Energy Drinks, Even Without Alcohol, May Pose Risks For Youngsters

In a conclusion that sounds downright Rumsfeldian, researchers at the University of Miami write in the medical journal Pediatrics that “the known and unknown pharmacology” of ingredients in energy drinks are a cause for concern about potential side effects.

Anywhere from about a third to half of teens and young adults drink the beverages, boosted with such things as caffeine, guarana, taurine and L-carnitine, the paper says. And, citing previous work, the researchers say a single can or bottle of the stuff may be enough to put a youngster, already consuming some caffeine over the daily limit for side effects.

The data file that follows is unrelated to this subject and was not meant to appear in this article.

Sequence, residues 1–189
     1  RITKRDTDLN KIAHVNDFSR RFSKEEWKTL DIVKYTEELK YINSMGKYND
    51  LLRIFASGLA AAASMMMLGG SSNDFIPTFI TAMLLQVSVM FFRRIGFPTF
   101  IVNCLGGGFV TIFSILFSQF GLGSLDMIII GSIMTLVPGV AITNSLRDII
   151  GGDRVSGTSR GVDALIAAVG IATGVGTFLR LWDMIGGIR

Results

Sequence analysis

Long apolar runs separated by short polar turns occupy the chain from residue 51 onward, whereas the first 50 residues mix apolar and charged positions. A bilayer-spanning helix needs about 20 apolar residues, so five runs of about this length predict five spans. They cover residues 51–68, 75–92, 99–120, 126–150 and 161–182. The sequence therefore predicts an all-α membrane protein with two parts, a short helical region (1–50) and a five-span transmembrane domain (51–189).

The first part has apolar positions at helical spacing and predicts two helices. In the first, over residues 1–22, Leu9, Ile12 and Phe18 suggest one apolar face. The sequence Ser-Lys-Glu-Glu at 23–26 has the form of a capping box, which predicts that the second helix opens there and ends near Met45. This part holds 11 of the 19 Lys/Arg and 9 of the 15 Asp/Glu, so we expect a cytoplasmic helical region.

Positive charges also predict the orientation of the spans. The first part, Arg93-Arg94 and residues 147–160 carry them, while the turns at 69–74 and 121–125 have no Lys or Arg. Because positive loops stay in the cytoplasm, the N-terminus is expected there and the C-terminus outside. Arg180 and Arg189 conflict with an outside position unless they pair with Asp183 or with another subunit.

Teens and younger kids shouldn’t consume more than about 100 milligrams of caffeine in a day. That’s about two cans of Mountain Dew or 1 1/2 cans of Red Bull.

Kids with certain heart conditions or ADHD may be particularly sensitive to the drinks effects.

more on